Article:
By Siri Agrell
Ryerson’s department of harassment prevention services has made some administrative changes after director Janet Mays went on indefinite sick leave near the end of last semester.
Linda Grayson, Ryerson’s v.p. administration and student affairs, will oversee the department responsible for ensuring the campus is safe and secure.
According to Grayson, the change is not permanent and Mays will resume control of the office when she returns.
Under the temporary arrangement, issues of safety and harassment are being referred to Lawrence Robinson, head of security, and Ann Whiteside, a complaints officer for the university’s discrimination and harassment prevention services.
According to Whiteside, things are running smoothly under this new system, and the department is planning to expand by hiring a new employment and education equity advisor when Mays returns.
“I miss Janet’s talent, her feedback and her collaboration, but we’re working as best we can and I’m thinking she’s going to be coming back soon,” Whiteside said.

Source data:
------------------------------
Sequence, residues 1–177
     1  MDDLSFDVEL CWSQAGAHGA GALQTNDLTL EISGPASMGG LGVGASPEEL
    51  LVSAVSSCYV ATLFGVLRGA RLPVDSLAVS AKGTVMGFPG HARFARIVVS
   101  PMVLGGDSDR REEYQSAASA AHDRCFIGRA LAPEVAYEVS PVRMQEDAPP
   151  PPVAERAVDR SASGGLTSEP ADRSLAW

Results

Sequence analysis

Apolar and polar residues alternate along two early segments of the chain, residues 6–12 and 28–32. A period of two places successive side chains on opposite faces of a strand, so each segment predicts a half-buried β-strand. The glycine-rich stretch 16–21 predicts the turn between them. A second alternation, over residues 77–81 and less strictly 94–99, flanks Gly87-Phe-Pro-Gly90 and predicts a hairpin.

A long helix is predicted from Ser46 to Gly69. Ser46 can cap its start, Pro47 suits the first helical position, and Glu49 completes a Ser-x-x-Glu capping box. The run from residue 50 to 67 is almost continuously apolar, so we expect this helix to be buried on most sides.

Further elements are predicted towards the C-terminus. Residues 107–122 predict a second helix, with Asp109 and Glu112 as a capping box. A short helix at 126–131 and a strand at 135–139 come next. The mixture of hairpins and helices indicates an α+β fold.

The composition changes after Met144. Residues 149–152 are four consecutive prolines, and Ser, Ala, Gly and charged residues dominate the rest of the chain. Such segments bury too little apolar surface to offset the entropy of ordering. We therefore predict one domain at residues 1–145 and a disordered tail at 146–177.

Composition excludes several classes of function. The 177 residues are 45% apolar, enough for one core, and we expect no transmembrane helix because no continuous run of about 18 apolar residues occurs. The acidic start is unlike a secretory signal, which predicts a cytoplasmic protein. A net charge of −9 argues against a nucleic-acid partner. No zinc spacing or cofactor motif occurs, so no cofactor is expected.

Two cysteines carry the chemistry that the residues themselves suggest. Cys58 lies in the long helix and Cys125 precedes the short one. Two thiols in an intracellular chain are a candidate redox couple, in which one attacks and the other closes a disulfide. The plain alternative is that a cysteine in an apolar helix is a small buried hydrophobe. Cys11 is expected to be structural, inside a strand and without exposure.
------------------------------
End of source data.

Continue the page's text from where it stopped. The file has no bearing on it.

When reached at home, Mays declined comment on the state of the harassment prevention services office.
Last October, Mays came under fire after her department failed to issue a safety watch bulletin notifying students that a man had exposed himself to a female student in the library on Sept. 22.
Under official school policy, a safety watch bulletin should have been posted within 24 hours of the incident. The notice was not posted until Oct. 6 — 14 days later.
Following that slip-up, a letter was circulated to Ryerson and major media outlets by members of OPSEU, CUPE, RyeSAC and the Ryerson Faculty Association. The letter criticized Mays’ department for not informing students of safety risks on campus. On Oct. 18, Ryerson president Claude Lajeunesse circulated his own letter assuring the Ryerson community the campus was safe.
Last term Mays maintained that while mistakes were made in notifying students about the man who exposed himself in the library, Ryerson is a safe campus.